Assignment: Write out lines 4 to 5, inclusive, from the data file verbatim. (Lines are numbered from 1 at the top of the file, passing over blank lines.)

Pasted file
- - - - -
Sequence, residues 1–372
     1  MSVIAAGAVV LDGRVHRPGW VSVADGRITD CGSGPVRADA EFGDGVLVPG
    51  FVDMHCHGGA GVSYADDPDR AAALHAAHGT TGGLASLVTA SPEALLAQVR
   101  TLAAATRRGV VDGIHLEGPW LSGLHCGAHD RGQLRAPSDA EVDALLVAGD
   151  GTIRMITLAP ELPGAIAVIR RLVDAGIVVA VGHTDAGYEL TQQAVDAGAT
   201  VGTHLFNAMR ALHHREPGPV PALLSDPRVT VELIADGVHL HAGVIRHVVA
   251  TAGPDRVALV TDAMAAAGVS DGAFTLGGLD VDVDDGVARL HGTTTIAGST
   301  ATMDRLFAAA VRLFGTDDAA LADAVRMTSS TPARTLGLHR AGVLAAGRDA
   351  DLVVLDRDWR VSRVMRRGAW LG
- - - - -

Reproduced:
   101  TLAAATRRGV VDGIHLEGPW LSGLHCGAHD RGQLRAPSDA EVDALLVAGD
   151  GTIRMITLAP ELPGAIAVIR RLVDAGIVVA VGHTDAGYEL TQQAVDAGAT